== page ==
In your excitement to buy a home, it’s easy to miss a small crack in the foundation, some leaky pipes under the house, or a roof that needs to be replaced.
The sellers worked hard to make the home look as desirable as possible, but looks don’t tell the whole story. That’s where your home inspection comes in.
Your home purchase is one of the biggest investments of your life, and it’s important to know exactly what you’re buying. The best way to ensure this is through a professional home inspection.
Here are some tips to consider when making your decision. For your convenience, I have provided you with a list of suggested Inspectors.
- Ask the inspector for a sample of past inspection reports — most professional inspectors provide a detailed report offering a comprehensive explanation of the home’s condition as well as recommendations and upgrade suggestions.
- A professional inspector will usually want the real estate professional and the buyer to be present during the inspection to familiarize all with the home’s systems and point out specific conditions outlined in the report.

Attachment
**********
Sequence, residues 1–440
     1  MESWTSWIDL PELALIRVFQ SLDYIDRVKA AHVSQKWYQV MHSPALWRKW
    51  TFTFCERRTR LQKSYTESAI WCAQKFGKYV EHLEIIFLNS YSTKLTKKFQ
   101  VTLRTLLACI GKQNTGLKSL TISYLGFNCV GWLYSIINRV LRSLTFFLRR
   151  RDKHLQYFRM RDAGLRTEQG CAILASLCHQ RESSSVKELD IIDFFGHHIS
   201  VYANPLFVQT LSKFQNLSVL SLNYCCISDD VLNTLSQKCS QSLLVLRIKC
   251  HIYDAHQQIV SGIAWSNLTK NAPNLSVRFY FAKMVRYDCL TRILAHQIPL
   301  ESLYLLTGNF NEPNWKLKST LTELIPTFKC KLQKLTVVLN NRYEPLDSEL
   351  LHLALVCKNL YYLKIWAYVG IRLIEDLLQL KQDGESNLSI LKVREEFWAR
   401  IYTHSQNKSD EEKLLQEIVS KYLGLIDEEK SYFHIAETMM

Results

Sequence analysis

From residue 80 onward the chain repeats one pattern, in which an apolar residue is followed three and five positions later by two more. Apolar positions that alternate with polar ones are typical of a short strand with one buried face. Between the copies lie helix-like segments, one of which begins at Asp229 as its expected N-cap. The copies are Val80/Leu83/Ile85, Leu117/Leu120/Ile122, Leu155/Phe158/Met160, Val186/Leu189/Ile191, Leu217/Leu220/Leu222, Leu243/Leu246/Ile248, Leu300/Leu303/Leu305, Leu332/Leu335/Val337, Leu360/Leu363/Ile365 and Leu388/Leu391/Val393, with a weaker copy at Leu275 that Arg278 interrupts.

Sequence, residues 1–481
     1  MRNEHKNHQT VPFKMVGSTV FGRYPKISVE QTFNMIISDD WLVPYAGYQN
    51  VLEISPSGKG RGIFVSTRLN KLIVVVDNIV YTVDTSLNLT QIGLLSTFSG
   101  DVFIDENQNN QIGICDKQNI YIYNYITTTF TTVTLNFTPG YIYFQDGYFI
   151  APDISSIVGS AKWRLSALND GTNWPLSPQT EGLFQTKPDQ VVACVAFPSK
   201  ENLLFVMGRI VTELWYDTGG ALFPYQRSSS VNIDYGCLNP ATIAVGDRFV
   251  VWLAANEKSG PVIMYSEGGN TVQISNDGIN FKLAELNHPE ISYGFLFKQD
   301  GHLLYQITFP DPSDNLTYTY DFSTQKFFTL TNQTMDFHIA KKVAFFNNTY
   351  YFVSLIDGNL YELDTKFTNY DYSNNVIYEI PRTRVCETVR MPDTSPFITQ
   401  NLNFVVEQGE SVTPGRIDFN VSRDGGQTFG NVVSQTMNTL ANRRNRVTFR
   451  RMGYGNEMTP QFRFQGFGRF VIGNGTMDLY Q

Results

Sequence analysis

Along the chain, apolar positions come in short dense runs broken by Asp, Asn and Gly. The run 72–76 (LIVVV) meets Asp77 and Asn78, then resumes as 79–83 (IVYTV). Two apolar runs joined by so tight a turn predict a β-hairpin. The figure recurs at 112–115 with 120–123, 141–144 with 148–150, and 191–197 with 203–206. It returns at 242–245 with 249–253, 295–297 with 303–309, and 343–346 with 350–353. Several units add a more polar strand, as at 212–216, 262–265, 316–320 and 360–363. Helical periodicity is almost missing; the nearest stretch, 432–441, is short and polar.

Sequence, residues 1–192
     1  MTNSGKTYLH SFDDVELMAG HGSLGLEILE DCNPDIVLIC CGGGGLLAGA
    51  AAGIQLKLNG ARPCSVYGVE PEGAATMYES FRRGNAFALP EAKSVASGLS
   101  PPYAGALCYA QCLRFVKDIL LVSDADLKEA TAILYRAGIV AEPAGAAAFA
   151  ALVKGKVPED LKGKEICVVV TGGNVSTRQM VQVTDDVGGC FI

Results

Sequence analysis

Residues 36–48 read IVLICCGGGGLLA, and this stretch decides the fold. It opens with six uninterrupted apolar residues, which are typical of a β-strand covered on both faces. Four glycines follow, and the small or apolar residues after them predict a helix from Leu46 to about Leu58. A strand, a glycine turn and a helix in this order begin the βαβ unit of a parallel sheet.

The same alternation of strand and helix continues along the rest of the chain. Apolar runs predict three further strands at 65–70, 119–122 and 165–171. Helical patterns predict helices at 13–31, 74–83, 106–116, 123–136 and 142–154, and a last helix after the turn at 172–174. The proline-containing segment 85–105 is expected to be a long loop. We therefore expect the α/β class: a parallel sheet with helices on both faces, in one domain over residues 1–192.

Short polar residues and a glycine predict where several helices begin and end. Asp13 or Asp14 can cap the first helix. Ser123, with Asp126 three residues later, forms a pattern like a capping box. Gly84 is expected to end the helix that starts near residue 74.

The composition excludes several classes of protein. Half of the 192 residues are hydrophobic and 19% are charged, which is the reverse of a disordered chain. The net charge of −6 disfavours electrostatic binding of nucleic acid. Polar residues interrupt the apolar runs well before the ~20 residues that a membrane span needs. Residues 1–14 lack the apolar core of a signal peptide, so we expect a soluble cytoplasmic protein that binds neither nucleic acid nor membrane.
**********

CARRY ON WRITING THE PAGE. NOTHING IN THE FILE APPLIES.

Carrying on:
- Do not let price be a determining factor in selecting a home inspector — remember, you usually pay for what you get.
- Be wary of home inspectors who offer to repair items outlined in their report — this is an obvious conflict of interest and a violation of California’s Business & Professions Code.
- It is best to select home inspectors who will stand behind their work and are covered by proper liability and professional insurance. Errors and Omissions (“E&O”) insurance protects the home inspector and the real estate professional against disputes arising from any oversights made by the inspector. Another important factor is membership in a professional trade organization such as CREIA. A CREIA certified inspector is required to have proven technical knowledge of systems in residential properties. CREIA Inspectors must adhere to the Code of Ethics and follow the Standards of Practice developed by the association. CREIA requires its members to successfully pass a written test of property systems and complete 30 hours of continuing education each year. For more info on CREIA please go to: http://www.creia.org/